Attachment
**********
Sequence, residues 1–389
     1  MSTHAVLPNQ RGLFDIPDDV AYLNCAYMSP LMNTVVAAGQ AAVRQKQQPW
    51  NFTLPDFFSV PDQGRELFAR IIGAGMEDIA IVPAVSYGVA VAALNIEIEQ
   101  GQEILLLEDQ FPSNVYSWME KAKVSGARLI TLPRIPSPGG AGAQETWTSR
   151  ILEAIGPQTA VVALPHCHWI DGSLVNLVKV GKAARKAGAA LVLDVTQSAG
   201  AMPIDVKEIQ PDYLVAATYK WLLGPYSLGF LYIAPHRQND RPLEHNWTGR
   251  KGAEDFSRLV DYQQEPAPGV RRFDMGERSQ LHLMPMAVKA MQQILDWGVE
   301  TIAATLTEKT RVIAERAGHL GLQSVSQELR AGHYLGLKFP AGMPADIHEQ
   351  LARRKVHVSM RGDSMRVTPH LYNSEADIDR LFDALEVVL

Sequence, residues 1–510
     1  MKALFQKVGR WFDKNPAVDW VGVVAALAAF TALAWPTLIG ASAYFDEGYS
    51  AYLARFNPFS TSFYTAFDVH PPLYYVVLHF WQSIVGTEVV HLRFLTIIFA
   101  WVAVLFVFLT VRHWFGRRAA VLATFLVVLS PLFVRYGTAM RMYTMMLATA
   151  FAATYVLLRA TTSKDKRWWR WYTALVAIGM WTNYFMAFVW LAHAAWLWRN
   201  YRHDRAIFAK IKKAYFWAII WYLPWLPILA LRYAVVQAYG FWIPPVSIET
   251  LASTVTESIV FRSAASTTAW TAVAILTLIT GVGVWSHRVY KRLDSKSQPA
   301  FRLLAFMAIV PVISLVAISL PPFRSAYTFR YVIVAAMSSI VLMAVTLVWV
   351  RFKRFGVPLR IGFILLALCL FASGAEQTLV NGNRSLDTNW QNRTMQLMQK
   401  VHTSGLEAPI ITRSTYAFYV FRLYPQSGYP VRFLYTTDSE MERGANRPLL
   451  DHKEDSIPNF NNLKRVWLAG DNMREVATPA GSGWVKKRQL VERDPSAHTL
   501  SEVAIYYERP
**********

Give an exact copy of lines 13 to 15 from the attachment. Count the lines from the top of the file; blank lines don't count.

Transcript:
   101  WVAVLFVFLT VRHWFGRRAA VLATFLVVLS PLFVRYGTAM RMYTMMLATA
   151  FAATYVLLRA TTSKDKRWWR WYTALVAIGM WTNYFMAFVW LAHAAWLWRN
   201  YRHDRAIFAK IKKAYFWAII WYLPWLPILA LRYAVVQAYG FWIPPVSIET